Definition of synonym in English:

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Pronunciation: /ˈsinəˌnim/


1A word or phrase that means exactly or nearly the same as another word or phrase in the same language, for example shut is a synonym of close.
Example sentences
  • It was common ground that the closest synonym of damage is harm.
  • He points out that I used hue in the sub-title of my article about colour words almost as a synonym for colour.
  • Some think that considerations like this show that there are no genuine synonyms in natural languages.
alternate, substitute, alternative, equivalent, euphemism
1.1A person or thing so closely associated with a particular quality or idea that the mention of their name calls it to mind: the Victorian age is a synonym for sexual puritanism
1.2 Biology A taxonomic name that has the same application as another, especially one that has been superseded and is no longer valid.
Example sentences
  • The Choristodera in general, and particularly the Champsosauridae, are plagued with bad names - junior synonyms of unrelated genera and the like.
  • Thus, we use the name P. ultima as the senior synonym of P. praetriangularis.
  • Molecular studies support the monophyly of all these taxa as Ecdysozoa, so the term Spiralia is sometimes used as a synonym for the non-molting protostomes, Lophotrochozoa.



Pronunciation: /ˌsinəˈnimik/
Example sentences
  • This ideal was to be Flaubert's as well, and it seems to contradict the endless synonymic amplifications so typical of Hugo's own style.
  • This database of the synonymic list represents many additions and changes, and represents a complete listing for all described Odonata of North, Middle, and South America.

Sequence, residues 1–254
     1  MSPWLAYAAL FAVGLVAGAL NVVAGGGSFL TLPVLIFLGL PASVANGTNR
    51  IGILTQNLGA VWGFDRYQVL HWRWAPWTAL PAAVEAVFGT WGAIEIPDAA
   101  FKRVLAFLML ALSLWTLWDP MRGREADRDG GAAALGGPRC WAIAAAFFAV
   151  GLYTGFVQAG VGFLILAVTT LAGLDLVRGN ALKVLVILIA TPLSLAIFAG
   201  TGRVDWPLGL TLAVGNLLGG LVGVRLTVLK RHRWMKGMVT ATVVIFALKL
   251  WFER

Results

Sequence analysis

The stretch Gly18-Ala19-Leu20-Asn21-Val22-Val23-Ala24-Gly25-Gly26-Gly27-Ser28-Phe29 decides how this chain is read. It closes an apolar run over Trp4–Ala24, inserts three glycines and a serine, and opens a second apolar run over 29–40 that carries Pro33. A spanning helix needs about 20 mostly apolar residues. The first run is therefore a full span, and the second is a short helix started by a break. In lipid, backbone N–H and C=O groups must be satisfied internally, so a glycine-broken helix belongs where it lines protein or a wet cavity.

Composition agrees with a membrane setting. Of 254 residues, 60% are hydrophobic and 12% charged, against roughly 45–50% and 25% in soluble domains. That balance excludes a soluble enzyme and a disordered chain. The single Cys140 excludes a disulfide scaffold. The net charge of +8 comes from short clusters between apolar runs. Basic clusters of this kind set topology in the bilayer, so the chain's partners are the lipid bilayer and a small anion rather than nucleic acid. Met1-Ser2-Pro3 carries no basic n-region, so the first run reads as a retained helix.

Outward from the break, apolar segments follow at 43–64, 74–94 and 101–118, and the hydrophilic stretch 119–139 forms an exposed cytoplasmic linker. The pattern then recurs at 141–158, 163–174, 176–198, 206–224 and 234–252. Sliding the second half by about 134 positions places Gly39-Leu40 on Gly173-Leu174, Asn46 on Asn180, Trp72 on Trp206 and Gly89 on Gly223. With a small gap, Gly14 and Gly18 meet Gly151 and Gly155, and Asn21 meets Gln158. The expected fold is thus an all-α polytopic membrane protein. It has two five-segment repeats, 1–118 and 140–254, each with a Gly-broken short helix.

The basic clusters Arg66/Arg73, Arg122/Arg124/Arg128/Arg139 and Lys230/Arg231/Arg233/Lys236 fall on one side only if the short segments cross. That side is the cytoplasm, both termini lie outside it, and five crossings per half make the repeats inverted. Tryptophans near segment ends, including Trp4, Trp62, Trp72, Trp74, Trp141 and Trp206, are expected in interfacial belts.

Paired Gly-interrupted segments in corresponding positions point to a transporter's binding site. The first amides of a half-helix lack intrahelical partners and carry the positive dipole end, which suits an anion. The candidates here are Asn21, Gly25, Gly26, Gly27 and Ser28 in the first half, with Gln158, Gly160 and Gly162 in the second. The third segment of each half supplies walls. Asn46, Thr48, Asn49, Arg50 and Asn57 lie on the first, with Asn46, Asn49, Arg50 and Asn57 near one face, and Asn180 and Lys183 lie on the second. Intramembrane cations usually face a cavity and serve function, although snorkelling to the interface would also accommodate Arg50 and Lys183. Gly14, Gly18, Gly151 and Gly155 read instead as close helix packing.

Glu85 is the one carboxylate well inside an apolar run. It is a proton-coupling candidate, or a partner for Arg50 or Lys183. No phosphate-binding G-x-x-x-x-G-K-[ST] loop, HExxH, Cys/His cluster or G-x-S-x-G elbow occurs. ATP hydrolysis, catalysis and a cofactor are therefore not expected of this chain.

• Their task is to check the synonymic lists that are generated by the Project Coordinator, refer them where appropriate to their colleagues, and report any matters of concern back to the Project Coordinator.


Pronunciation: /ˌsinəˈnimədē/
Example sentences
  • You can bet that it ended up suggesting a synonymity of liquor with very good times to a much younger age group and a far wider social spectrum.
  • The problem, as Mates points out, is that if anybody even doubts that "whoever believes that D believes thatD", then a traditionalist's explanation of synonymity is wrong.
  • He wrote about perspective phenomena, but the etymological synonymity of optics and perspective has often led to the misconception that he wrote about perspective constructions.


Late Middle English: via Latin from Greek sunōnumon, neuter (used as a noun) of the adjective sunōnumos, from sun- 'with' + onuma 'name'.

For editors and proofreaders

Syllabification: syn·o·nym

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